Running back Rashard Mendenhall was the Pittsburgh Steelers' first-round pick in 2008 out of Illinois. He rushed for over 1,000 yards in his second and third seasons (a career-high 1,273 yards and 13 touchdowns in 2010, the last season in which the Steelers made the Super Bowl), but suffered a torn ACL at the end of the 2011 season and never seemed to fully recover. He played in just six games for the Steelers in 2012, starting four, and rushing for only 182 yards on 51 carries. Signed by the Arizona Cardinals before the 2013 season at the urging of new head coach and former Pittsburgh offensive coordinator Bruce Arians, Mendenhall wasn't able to live up to Arians' lofty expectations.
“As a running back he’s the total package,” Arians said last March. “He’s a big, strong, every-down back with speed who can pass block and also catch the ball. I’ve said before: he’s a big man with little-people feet, meaning he can run like he’s 180 [pounds] but also pound the ball like he’s 230.”
But Mendenhall struggled with several nagging injuries and finished the 2013 campaign with 687 yards and eight touchdowns on 217 carries in 15 starts. While those aren't horrible numbers, they're hardly what was expected of a franchise back. After the 2013 campaign, Mendenhall made some noises to the effect that he might be ready to hang it up at age 26, and in a recent blog entry for the Huffington Post, Mendenhall confirmed that he was indeed retiring from the NFL.
"I decided not to hold a press conference because I didn't want to have to say things that were cliché," he wrote on Sunday. "I've done enough of that since I've been playing football. I actually didn't really plan on saying anything about my retirement at all. I just kind of wanted to disappear. The fact that I was done playing would've been clear once some time had passed, and I hadn't signed back with the Cardinals or any other team. Maybe people would've thought I couldn't get another job. Either way, I was okay with the idea of fading to black, and my legacy becoming 'What ever happened to that dude Rashard Mendenhall? He was pretty good for a few years, then he just vanished.' "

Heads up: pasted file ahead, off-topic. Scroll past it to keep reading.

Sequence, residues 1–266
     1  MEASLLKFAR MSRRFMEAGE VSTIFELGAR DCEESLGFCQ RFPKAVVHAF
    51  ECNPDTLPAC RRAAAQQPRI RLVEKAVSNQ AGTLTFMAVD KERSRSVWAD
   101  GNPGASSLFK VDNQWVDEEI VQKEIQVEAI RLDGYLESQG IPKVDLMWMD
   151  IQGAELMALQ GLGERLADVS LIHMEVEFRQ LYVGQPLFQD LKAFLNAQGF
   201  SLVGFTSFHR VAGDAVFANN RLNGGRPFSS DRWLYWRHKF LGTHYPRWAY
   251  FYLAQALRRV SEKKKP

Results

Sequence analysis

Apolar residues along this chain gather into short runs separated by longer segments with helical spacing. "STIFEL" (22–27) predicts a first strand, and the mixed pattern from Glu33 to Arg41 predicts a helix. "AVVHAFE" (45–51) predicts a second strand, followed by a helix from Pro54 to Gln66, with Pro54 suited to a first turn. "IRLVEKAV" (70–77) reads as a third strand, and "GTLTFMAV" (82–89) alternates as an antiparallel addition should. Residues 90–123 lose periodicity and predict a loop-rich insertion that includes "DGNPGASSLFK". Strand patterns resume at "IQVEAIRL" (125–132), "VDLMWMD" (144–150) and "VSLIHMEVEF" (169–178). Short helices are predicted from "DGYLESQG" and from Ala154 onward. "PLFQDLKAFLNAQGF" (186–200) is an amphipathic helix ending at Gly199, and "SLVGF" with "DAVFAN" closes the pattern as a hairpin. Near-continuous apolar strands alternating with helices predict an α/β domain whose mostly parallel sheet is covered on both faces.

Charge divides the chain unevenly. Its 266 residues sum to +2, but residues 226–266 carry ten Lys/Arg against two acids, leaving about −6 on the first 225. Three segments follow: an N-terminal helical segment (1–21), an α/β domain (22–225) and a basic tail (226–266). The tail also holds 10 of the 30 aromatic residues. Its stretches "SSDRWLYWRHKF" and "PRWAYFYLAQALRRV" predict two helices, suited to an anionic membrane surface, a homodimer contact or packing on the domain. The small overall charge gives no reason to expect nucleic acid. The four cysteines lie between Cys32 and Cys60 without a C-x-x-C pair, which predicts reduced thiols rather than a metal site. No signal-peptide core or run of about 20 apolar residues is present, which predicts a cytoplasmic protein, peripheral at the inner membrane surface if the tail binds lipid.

Mendenhall also wrote that the reaction to his retirement was one of shock -- many of the people around him couldn't understand why he was walking away from a game he might still be able to play. He tried to explain why in a bigger picture you don't often see from young athletes ready for new phases in their lives.
I feel like I've done it all. I've been to two Super Bowls; made a bunch of money; had a lot of success; traveled all over the country and overseas; met some really cool people; made lasting relationships; had the opportunity to give back to causes close to my heart; and have been able to share my experiences and wisdom with friends, family and people all over the world. Not to mention all the fun I had goofing around at work day after day with my teammates! I'm thankful that I can walk away at this time and smile over my six years in the NFL, and 17 total seasons of football -- dating back to when I started pee-wee ball at Niles West in 1997, when I was 10. These experiences are all a part of me, and will remain in my heart no matter what I do, or where I go.
[...] Imagine having a job where you're always on duty, and can never fully relax or you just may drown. Having to fight through waves and currents of praise and criticism, but mostly hate. I can't even count how many times I've been called a 'dumb nigger'. There is a bold coarseness you receive from non-supporters that seems to only exist on the Internet. However, even if you try to avoid these things completely -- because I've tried -- somehow they still reach you. If not first-hand, then through friends and loved ones who take to heart all that they read and hear. I'm not a terribly sensitive person, so this stuff never really bothered me. That was until I realized that it actually had an impact my career. Over my career, I would learn that everything people say behind these computer and smartphones actually shape the perception of you -- the brand, the athlete and the person. Go figure!